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Presenters: Steven R. Harris and Molly Beisler, University of Nevada, Reno
Evolution doesn’t happen in slow increments. Moments of punctuations happen quite suddenly. Ebooks are kind of like that in the evolution of the book.
In 2005, they were putting all formats on one record, manually updating the electronic content. As the quantity of ebooks increased, and the various licensing terms expanded, they were struggling to maintain this. In 2008, they began batch loading large numbers of eresources materials, with one person maintaining QA and merging records.
Then discovery services came in like an asteroid during the dinosaur age. They finally shifted from single record to separate records. They began tracking/coding ebooks to distinguish DDA from purchased, and expanded the ERM to track SU and other terms. This also prompted another staff reorganization.
They developed workflows via Sharepoint for new eresources depending on what the thing was: subscriptions/standing orders, one-time purchases with annual fees, and one-time purchases without annual fees. The streaming video packages fit okay in this workflow.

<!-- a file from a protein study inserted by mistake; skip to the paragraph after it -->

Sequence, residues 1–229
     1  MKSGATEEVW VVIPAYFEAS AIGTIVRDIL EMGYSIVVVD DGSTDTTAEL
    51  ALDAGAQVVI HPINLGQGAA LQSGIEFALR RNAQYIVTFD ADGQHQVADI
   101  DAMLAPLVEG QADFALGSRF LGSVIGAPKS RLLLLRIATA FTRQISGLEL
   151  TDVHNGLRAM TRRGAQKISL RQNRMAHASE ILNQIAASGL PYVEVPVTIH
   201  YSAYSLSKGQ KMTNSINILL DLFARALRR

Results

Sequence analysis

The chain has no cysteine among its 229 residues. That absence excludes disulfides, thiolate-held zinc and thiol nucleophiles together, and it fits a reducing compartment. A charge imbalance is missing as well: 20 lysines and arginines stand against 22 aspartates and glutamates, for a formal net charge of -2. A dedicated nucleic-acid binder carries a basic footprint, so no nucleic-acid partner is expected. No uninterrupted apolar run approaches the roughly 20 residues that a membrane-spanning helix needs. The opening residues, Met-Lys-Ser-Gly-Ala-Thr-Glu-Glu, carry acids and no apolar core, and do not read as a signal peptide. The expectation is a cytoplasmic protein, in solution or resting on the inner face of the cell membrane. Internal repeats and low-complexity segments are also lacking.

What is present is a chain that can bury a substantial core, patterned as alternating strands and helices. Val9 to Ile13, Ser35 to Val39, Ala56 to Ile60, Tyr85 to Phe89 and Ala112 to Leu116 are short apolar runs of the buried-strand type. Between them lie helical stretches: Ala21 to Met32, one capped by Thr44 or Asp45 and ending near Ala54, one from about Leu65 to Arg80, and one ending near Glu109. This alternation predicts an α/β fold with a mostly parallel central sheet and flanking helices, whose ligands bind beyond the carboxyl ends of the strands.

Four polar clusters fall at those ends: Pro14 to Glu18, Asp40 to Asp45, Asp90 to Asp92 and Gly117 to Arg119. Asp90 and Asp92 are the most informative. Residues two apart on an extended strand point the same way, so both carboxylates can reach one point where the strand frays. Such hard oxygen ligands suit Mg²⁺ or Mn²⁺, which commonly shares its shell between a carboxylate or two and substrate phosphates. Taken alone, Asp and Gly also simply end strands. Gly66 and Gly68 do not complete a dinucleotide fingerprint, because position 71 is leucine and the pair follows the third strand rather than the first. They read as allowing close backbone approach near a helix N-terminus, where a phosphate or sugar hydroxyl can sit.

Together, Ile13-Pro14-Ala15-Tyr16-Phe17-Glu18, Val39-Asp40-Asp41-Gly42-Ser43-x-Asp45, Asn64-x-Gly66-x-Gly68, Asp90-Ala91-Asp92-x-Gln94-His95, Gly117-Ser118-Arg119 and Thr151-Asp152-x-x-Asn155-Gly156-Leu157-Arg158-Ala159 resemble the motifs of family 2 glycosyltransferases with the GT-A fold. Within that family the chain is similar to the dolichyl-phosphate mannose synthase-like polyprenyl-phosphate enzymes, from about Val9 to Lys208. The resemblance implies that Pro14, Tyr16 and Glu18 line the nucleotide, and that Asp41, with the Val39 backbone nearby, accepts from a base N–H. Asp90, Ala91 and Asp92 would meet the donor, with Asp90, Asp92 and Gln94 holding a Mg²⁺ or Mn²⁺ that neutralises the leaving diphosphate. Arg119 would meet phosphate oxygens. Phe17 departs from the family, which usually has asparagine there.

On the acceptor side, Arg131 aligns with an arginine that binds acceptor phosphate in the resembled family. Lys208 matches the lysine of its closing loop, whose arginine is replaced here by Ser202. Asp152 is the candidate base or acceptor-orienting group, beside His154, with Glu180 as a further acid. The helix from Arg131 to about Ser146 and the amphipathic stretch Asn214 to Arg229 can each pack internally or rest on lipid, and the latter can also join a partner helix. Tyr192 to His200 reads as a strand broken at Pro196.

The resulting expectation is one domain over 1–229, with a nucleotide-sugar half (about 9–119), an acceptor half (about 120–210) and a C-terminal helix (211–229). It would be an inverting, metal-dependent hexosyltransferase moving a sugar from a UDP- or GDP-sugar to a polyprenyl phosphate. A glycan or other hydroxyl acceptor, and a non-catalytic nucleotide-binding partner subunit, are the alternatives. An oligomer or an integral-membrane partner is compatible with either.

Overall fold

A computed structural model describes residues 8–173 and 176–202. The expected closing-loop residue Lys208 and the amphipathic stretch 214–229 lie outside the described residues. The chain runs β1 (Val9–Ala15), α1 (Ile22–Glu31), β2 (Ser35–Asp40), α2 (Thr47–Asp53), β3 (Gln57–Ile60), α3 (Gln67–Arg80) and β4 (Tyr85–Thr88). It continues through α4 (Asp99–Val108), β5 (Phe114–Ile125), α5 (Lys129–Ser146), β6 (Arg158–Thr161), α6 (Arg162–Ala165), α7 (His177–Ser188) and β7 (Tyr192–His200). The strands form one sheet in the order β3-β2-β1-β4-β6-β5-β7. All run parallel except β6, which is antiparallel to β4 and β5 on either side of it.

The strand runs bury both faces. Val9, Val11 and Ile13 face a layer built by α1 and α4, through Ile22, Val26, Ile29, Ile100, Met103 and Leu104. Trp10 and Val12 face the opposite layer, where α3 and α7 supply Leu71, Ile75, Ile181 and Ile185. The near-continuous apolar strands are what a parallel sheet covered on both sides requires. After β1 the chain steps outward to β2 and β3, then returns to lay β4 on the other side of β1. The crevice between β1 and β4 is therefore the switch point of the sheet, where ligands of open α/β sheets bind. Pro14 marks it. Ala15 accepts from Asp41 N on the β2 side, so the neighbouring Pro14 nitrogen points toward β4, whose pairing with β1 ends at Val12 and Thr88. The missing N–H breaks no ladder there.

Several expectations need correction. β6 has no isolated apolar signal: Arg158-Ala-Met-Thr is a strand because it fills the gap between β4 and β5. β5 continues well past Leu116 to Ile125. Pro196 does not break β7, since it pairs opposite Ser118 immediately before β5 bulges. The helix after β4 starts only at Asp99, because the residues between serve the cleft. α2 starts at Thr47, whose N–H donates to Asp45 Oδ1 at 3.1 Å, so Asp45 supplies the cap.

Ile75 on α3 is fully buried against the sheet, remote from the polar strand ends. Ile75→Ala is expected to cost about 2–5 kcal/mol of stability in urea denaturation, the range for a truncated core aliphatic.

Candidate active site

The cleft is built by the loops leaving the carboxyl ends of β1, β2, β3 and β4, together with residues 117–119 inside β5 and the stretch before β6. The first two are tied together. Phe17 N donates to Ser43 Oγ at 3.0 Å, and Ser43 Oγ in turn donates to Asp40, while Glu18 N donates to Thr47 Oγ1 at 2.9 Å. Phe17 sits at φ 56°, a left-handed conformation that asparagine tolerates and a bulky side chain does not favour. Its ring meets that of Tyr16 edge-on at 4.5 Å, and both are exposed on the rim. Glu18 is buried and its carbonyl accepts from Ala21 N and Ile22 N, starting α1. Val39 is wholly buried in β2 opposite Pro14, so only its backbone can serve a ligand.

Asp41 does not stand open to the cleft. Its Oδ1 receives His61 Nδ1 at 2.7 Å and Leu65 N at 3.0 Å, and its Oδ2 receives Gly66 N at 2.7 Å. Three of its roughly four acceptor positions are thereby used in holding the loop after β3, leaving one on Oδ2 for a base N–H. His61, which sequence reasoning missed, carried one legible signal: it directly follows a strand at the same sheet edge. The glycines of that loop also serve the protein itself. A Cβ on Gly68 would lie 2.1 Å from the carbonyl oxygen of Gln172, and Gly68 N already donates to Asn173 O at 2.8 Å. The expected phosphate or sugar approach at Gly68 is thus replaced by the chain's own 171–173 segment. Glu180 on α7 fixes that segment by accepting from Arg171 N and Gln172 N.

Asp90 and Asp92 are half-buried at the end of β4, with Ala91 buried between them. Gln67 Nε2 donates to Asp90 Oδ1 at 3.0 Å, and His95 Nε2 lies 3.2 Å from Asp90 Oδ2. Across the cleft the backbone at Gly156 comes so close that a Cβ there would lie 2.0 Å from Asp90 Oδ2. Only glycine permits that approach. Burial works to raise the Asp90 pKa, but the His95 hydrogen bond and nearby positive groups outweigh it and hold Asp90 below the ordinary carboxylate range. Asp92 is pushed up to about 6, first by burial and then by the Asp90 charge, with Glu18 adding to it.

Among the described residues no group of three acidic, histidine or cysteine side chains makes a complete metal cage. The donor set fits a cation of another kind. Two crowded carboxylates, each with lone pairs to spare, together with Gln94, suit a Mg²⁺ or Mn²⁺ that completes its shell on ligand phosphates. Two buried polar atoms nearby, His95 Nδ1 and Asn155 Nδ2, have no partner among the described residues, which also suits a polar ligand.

Streaming media has more complex access and troubleshooting issues. Platform as are variable, plugins may not be compatible. There are also many different access models (DDA, EBA) and many come with short-term licenses. Feel like the organization structure can support them as they figure out how to manage these.
They use a LibAnswers queue to track the various eresources problems come up.
Reiteration of the current library technology climate for eresources, with various challenges. No solutions.
The future comes with new problems due to next-gen ILS and their workflow quirks. With the industry consolidation, will everybody’s products work well with each other or will it become like the Amazon device ecosystem? Changing acquisitions models are challenges for collection development.
Be flexible. Do change. Agents.